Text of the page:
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Uses of the thermal camera in COVID-19 detection

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Uses of the thermal camera in COVID-19 detection

COVID-19 has changed the whole world. From severe lockdowns to quarantine periods, the world has faced a lot. Its peak time is continuing in various parts of the world. Although it was a sudden outburst, and many countries were not ready to fight the unpredictable effects of this deadly disease. The world is now shifting to the next phase of the fight, where multiple technologies are tested to equip humanity against this virus better. A body temperature measurement camera is one such technology under rapid research.

Thermal imaging camera is used in various parts of the world as a tool of screening the persons with fever-like symptoms in areas where high-traffic and gathering is expected like shopping malls, hospital entrances, office buildings, and other mass-attendance events when they will resume after lockdowns.

Anyone who shows up high temperatures can then be directed to in-depth assessment. It will reduce the rate of mortality by this virus, but it will also minimize the spread of the virus.

What does it do?

A thermal camera takes the picture and makes an image of the object with the help of infrared radiations that are emitted from an object during the called thermal imaging. The image depicts the temperature of the given object. The basic technology for thermal imaging camera was first used in the military domain, but today, its uses are far spread.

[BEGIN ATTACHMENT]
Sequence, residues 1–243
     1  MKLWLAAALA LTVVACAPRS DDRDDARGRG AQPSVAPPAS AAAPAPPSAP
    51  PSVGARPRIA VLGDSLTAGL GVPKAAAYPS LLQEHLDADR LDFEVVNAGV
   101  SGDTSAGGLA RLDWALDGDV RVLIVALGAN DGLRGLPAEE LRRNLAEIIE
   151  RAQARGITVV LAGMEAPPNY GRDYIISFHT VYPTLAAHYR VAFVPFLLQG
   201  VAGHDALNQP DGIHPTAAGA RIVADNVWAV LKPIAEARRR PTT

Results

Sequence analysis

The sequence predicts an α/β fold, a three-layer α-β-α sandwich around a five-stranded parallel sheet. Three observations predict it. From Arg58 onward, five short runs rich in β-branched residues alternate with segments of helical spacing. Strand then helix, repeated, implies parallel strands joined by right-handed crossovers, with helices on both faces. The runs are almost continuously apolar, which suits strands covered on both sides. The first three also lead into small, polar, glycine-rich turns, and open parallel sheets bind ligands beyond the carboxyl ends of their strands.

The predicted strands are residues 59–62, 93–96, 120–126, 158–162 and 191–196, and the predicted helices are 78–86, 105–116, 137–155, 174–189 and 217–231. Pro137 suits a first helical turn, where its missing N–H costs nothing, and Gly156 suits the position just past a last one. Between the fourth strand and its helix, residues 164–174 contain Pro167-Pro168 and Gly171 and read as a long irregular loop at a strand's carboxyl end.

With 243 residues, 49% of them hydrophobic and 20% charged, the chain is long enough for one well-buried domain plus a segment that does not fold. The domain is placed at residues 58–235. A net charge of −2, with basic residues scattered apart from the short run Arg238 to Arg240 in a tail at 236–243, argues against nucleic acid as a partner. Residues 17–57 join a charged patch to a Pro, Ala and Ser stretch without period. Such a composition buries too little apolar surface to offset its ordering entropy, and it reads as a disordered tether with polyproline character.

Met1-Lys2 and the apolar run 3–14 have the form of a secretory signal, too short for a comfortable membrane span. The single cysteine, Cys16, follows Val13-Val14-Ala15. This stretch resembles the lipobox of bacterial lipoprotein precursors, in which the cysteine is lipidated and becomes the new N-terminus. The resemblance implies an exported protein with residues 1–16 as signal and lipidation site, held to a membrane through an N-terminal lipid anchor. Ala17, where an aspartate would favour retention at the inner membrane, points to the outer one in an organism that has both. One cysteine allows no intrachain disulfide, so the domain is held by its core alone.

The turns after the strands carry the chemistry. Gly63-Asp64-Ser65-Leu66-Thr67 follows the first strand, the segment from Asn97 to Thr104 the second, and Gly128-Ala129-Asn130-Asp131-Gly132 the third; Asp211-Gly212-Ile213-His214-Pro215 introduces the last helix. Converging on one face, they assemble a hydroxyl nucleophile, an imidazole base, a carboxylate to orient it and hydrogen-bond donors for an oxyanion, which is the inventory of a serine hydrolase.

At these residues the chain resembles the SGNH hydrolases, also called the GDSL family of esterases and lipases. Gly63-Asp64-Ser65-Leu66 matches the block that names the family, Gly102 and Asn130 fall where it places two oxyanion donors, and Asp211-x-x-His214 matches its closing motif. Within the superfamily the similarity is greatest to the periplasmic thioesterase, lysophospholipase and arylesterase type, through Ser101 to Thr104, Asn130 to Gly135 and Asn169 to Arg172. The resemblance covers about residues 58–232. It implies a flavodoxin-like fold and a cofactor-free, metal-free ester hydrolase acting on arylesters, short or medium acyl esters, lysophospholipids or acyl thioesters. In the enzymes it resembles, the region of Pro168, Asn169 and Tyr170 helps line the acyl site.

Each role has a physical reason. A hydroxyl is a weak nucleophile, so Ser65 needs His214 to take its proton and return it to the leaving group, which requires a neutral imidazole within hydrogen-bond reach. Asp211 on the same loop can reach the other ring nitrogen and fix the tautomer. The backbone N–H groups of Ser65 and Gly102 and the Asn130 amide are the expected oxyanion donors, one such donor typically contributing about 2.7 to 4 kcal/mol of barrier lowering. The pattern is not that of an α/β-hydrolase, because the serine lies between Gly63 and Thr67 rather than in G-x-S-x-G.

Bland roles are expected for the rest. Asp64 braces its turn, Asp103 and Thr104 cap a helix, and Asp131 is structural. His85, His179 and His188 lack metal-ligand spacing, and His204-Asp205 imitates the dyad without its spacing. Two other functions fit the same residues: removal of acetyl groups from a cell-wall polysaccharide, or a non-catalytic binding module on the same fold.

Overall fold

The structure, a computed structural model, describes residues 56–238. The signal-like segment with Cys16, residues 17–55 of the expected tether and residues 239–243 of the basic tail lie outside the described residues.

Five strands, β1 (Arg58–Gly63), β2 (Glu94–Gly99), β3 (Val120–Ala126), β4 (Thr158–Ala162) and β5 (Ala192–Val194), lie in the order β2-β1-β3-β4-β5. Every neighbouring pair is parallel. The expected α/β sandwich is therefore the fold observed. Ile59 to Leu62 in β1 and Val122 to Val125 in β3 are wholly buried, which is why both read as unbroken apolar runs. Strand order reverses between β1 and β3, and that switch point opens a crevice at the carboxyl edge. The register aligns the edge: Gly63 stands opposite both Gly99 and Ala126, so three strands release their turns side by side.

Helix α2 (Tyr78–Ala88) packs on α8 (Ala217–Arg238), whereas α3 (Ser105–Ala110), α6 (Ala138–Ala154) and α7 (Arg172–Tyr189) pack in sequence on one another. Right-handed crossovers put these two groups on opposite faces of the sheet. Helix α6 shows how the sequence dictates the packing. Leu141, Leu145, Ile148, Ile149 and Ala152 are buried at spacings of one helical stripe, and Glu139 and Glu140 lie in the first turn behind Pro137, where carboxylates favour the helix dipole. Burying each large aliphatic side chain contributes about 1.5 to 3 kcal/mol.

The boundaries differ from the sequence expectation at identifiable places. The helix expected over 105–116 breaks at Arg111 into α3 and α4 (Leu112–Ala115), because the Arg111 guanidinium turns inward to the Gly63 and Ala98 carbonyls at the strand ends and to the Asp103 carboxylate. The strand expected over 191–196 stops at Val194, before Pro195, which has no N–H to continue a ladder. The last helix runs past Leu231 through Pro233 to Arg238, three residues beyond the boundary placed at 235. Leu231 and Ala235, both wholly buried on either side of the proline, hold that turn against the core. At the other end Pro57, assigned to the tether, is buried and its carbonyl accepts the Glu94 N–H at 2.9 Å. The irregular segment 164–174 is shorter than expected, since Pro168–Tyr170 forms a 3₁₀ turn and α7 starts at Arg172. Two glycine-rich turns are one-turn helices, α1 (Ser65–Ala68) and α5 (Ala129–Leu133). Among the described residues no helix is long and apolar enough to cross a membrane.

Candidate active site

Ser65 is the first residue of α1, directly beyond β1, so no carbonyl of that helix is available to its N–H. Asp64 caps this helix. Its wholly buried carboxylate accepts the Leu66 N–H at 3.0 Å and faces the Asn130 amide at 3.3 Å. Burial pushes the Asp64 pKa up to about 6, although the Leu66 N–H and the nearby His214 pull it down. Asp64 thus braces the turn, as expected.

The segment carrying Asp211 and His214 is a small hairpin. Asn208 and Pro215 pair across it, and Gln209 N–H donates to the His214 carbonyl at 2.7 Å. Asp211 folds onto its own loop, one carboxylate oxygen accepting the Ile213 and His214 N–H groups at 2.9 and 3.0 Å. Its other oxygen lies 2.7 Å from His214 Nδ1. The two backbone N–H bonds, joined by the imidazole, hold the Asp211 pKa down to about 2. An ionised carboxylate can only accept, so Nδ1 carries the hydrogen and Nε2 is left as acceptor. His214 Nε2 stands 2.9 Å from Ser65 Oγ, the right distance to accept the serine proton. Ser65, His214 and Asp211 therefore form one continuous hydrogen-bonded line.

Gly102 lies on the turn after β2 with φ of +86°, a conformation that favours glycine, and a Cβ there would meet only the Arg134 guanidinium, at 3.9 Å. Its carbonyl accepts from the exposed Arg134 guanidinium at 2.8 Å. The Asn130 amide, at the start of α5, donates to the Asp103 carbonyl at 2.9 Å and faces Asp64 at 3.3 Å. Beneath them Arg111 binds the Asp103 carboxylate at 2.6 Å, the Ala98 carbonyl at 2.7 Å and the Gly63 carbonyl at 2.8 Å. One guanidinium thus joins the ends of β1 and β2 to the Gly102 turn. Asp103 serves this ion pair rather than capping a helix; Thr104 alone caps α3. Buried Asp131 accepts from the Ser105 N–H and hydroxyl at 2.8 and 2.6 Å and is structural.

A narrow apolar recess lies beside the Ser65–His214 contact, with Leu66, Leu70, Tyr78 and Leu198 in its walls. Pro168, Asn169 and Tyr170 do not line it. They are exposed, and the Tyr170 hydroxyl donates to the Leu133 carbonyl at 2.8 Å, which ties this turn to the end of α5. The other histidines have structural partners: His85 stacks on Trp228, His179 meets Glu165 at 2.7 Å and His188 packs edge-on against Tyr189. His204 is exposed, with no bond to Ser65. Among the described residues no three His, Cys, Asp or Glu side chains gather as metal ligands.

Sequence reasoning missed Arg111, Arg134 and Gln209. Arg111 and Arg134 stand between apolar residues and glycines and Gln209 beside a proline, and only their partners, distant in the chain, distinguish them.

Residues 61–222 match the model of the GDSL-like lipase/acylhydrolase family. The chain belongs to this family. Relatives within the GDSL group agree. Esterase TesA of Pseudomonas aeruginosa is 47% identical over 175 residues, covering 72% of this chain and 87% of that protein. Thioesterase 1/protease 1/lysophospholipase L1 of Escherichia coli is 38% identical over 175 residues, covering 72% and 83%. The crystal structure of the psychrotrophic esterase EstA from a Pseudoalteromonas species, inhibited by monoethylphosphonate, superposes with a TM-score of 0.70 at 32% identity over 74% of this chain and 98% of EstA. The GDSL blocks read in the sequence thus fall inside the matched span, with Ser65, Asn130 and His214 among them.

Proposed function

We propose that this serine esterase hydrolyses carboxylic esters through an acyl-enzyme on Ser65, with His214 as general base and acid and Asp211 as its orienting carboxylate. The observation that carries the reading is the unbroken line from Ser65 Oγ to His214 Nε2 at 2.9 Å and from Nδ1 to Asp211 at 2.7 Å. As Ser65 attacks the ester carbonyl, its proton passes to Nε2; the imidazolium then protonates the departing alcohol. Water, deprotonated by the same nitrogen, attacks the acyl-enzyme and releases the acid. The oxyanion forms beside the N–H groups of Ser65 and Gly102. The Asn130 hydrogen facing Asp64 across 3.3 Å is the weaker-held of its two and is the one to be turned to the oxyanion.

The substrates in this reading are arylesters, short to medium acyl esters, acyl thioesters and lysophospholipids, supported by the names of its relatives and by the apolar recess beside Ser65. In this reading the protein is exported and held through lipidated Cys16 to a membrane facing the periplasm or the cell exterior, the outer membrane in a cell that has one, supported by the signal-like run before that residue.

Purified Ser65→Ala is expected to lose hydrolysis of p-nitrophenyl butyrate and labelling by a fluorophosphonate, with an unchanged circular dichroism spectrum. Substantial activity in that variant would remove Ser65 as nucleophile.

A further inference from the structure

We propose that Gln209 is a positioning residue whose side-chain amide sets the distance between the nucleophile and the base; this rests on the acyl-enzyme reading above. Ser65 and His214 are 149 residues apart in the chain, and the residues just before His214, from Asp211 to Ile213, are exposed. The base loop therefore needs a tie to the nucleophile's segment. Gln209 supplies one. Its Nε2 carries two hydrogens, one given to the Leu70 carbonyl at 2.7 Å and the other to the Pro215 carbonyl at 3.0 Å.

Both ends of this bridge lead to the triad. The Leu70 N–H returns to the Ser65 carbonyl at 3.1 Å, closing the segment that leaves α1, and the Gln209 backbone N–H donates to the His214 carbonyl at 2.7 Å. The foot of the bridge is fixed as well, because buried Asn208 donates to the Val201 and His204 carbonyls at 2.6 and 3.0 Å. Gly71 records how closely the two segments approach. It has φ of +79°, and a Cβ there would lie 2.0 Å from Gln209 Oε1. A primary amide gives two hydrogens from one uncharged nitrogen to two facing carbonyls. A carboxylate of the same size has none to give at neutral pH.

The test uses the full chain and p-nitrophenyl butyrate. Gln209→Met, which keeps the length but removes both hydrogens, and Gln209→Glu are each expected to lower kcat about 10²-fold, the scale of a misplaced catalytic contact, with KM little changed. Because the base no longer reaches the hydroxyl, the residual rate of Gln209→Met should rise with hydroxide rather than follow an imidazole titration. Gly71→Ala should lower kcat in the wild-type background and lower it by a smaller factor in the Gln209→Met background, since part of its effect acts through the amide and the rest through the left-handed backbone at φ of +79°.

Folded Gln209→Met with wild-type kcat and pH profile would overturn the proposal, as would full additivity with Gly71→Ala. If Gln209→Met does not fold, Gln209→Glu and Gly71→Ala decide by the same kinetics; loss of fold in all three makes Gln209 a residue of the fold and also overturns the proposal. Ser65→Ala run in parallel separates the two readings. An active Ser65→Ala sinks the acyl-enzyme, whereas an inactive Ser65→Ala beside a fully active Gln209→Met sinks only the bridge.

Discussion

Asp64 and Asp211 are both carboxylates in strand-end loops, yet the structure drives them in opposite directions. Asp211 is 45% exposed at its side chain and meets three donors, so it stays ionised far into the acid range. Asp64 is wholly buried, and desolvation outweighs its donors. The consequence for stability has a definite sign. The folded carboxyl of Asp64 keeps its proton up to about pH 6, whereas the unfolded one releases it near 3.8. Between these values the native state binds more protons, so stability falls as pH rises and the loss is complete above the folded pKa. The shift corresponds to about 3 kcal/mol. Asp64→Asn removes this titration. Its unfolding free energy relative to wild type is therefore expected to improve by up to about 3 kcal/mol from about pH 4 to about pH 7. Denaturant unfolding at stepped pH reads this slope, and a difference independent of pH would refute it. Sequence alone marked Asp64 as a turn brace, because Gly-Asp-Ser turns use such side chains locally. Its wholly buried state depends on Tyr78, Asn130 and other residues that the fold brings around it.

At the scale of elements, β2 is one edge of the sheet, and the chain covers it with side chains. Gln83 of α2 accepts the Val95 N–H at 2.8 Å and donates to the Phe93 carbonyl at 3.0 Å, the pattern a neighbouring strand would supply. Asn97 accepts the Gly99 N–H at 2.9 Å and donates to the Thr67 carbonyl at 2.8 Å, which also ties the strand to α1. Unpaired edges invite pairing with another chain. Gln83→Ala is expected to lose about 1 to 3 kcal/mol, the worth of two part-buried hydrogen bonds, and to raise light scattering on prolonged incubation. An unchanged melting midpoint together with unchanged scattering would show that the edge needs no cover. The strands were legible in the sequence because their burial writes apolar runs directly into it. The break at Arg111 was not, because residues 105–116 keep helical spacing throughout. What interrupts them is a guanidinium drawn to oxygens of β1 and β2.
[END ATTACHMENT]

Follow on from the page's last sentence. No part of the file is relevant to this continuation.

The common practice today for a thermal camera is highlighting the warmer object. The object subjected to the camera is shown in yellow-orange hue and starts getting darker with an increase in temperature. Colder objects are displayed in purple or blue color.

Infrared radiations have a wavelength that starts at around 700 nanometers and lengthens to 1mm. Wavelengths that are shorter than the above range are visible through the naked eye. A thermal imaging camera uses this infrared energy to give thermal images. The lens in the camera uses a detector where infrared energy is put over this detector to form a comprehensive pattern known as a thermogram. This pattern is then converted into electrical signals to make a thermal image, which is then interpreted as per the said guidelines.

Why a thermal imaging camera?

Both government units and commercial bodies are installing automated systems comprising of thermal cameras to perform fever-screening.

These systems are believed to be the magic bullet for areas of gatherings. Mass fever screening can be performed. Measurements are instant with limited or even no contact, and results can be seen even at a distance, so a minimal disruption in areas of public gathering is expected.

Using thermal cameras at night

Thermal cameras are inclined to work better at night, but experts suggest that it is not related to the environment’s being dark or light.

The ambient temperature and the core temperature of most of the otherwise-unheated environment and objects are always quite lower at night compared to the sunlight hours. As a result, the sensor in the thermal imaging camera can show a warm environment in higher contrast.